The WSJ replaced its weekend interview with an article by Neal Freeman (a 38-year board member at National Review) which imagines a series of interviews between the late William F. Buckley and the conservative movement. It celebrates the 60th anniversary of "God and Man at Yale."
The personal anecdotes of Buckley's life and reflections on the conservative movement's "scrawny" ranks at Yale in those early days (not that those ranks have been greatly increased in academic settings since Buckley's days) make the article an amusing read. And Freeman's assessment of Buckley's would-be judgement on the GOP field, as well as conservative scholars and writers, is noteworthy.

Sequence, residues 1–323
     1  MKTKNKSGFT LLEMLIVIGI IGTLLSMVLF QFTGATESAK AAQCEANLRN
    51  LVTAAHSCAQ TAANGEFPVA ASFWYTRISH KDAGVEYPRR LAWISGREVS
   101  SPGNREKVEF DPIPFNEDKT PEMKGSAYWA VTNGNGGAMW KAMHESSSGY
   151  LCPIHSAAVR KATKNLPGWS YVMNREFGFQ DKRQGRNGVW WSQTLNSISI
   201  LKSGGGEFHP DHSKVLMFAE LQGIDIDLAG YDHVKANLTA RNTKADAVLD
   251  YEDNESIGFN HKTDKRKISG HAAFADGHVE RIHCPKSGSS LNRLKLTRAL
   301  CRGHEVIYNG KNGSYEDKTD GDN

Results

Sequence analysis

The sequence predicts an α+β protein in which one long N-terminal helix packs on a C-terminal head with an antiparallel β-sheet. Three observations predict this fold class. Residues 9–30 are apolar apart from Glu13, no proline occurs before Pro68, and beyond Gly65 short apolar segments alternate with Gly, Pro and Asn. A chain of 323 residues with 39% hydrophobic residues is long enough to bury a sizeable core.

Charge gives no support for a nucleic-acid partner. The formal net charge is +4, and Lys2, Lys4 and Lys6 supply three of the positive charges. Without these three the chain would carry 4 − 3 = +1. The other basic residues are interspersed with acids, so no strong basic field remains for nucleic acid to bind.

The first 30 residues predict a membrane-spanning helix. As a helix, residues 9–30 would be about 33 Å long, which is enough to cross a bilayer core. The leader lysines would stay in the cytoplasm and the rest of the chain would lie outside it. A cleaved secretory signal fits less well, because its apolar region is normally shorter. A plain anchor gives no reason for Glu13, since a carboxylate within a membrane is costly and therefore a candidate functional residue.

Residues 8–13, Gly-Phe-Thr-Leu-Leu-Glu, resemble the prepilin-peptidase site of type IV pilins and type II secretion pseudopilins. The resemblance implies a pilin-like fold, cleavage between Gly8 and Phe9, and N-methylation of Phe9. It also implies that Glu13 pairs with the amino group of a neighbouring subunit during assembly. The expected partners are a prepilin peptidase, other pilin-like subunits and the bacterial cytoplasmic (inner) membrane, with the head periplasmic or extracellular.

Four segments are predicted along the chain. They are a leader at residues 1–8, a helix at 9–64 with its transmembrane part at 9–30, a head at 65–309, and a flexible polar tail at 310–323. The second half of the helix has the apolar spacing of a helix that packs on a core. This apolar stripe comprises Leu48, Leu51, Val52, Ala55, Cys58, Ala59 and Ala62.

Freeman blinks at the last moment and refuses to throw Buckley's weight behind a single candidate. But we are reminded of the ever-relevant Buckley Rule: Conservatives should support for election the rightward-most viable candidate. 2012 is no exception to the rule.